Phoenix Rising tells QMUL: release the PACE trial data
Mark Berry, Acting CEO of Phoenix Rising, presents the Board of Directors’ open letter to Queen Mary University of London (QMUL) urging them to release the PACE trial data, and hopes that other non-UK organisations will join British charities in the same request...
Discuss the article on the Forums.

Catch-22 (almost): Exercise programs and disability insurance companies

Discussion in 'Action Alerts and Advocacy' started by Dolphin, Nov 19, 2011.

  1. Dolphin

    Dolphin Senior Member

    Messages:
    10,681
    Likes:
    28,209
    Some of you may have heard of cases where disability insurance companies (i.e. the type that pay you an income if you become unable to work) have said they wouldn't give a payment until somebody had done the evidence-based treatments of graded exercise therapy (GET) and/or cognitive behavioral therapy (CBT).

    I heard indirectly an interesting twist on this recently: the insurance company said as the the person was able to do an exercise program*, it suggested the person was able to work!

    In this particular case, the person has a professional desk job, and has cognitive difficulties which they feel makes it impossible for them to work.

    * this person was doing quite a lot - 40 minutes at a go - although it is unclear if they are really able to do this amount or pushing themselves too hard.
     
  2. Esther12

    Esther12 Senior Member

    Messages:
    8,449
    Likes:
    28,523
    I know someone who was working at the Citizens Advice Bureau, and had a client who was being told by Unum that they were only eligible for a six month pay out, as if they genuinely wanted to return to work and followed a CBT/GET programme, then it would only take them six month to be able to return to work (based on their 'medical expert''s assessment).

    This was years back, when I knew less about CFS and the politics that surrounded it, but I wish I'd got more details, or encouraged them to get in contact with a CFS charity. Getting more evidence of these sorts of things in to the public sphere would be helpful for showing how the way in which CBT/GET is promoted can be harmful to patients.
     
    Dolphin likes this.
  3. Dolphin

    Dolphin Senior Member

    Messages:
    10,681
    Likes:
    28,209
    That's interesting.

    http://forums.phoenixrising.me/show...raft-NICE-guidelines-insight-into-their-views

    It reminded me of these comments:

    St Bartholomew's Hospital Chronic Fatigue Services submission on draft NICE guidelines:

    and
    i.e. only willing to give a disablility support for a limited period, whether it is an aid or a payment.

    Also:

    If one of the goals is recovery, and goals shouldn't take years only months, then recovery in months (not years) should be seen as a goal.
     
  4. Esther12

    Esther12 Senior Member

    Messages:
    8,449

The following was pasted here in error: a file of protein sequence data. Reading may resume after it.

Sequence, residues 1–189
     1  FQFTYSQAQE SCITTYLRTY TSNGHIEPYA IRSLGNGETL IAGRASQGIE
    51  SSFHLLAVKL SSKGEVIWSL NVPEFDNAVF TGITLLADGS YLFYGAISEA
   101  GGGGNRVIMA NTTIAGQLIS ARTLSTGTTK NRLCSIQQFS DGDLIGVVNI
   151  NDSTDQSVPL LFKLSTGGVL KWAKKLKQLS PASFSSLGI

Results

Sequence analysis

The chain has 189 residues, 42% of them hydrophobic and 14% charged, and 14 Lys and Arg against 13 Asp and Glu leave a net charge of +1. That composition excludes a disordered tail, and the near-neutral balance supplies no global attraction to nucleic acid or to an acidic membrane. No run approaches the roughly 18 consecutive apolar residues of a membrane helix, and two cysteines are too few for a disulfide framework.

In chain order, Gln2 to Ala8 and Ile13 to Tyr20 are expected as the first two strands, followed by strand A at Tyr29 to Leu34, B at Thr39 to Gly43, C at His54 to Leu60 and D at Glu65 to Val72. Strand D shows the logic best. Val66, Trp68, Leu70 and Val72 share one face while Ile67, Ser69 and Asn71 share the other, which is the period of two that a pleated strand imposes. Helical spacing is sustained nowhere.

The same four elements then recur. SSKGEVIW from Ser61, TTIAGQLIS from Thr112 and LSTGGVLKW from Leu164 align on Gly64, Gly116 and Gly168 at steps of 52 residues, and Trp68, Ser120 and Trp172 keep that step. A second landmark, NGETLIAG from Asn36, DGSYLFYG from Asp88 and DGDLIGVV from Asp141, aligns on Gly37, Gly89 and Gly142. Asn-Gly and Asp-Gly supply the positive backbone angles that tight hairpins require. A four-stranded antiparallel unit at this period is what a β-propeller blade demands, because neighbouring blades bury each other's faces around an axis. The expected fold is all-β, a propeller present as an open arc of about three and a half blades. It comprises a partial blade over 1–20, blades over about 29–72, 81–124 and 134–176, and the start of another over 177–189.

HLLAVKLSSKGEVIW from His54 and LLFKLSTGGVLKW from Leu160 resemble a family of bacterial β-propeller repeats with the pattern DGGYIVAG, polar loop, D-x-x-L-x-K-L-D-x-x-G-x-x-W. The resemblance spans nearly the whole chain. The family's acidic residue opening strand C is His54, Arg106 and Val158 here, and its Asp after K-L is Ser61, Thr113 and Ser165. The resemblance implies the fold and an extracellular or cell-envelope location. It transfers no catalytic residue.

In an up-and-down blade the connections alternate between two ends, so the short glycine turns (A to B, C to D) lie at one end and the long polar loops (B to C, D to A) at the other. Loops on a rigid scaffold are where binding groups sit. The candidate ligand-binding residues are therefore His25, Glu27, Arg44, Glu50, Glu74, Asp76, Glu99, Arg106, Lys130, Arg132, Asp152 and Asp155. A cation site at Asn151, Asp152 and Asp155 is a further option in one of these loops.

Likes:
    28,523
    Yeah - looking back, it could have been great evidence of the way these views are being applied upon patients... but I don't think there's any way I could get in contact with the patient now.
     
  5. Dolphin

    Dolphin Senior Member

    Messages:
    10,681
    Likes:
    28,209
    Yes, understand.
     
  6. gu3vara

    gu3vara Senior Member

    Messages:
    339
    Likes:
    51
    I was asked to do a rehabilitation program by the insurance, it was a total fiasco. Stopped after a bit more than 2 months, left me way sicker and it took me a couple months to return to baseline after that.

    Only good thing is that the rehab experts concluded that I was still unable to work at the end of the program. When the insurance decided to stop paying for it and made me saw an expert rheumy paid to say I had nothing. The insurance haven't paid me in more than a year now, but this file from the the rehab program will certainly help when lawyers will look at this.

    Whole lot of sticking crap it is anyway, at least my wife is working... I hope that the truth will win eventually.

    Anyway, it was really painful and traumatic for me but I don't regret going to this program, at least they could see how bad I was.
     
  7. Dolphin

    Dolphin Senior Member

    Messages:
    10,681
    Likes:
    28,209
    Best of luck with it, gu3vara.
    I know somebody who did a program supervised by a physiotherapist (=physical therapist) who the insurance company commissioned (she was just local and not generally associated with them as far as I know).
    He went to the local gym to meet her for over a year. Eventually she said it wasn't working. However, her report wasn't that clear at all - I can't remember the details but know he wasn't happy with it.
     
  8. alex3619

    alex3619 Senior Member

    Messages:
    12,528
    Likes:
    35,242
    Logan, Queensland, Australia
    In 1987 I applied for workers compensation insurance due to ongoing problems with work. I found a physiotherapy program that was supposed to help - it made me worse over the next year, despite that it was a very slow and steady approach. Sometime along that timeline I saw a rheumatologist who said I just needed to exercise, case closed. He was appointed and paid for by the state workers compensation department. He was also wrong on everything he said, and I mean everything, although it was years before my understanding progressed. For example, he completely misunderstood exclusion criteria for CFS under Holmes definition.

    I have not worked full time from that time, although I did some part time work up till maybe 1995. My workers compensation claim was denied, and the muscle pain I had did not start to fade till the early 2000s. Its still there if I try to do too much.

    This is an old story. It has been going on for decades. Its a victory for power over people, dogma over knowledge, and injustice over justice.

    Bye
    Alex
     

See more popular forum discussions.

Share This Page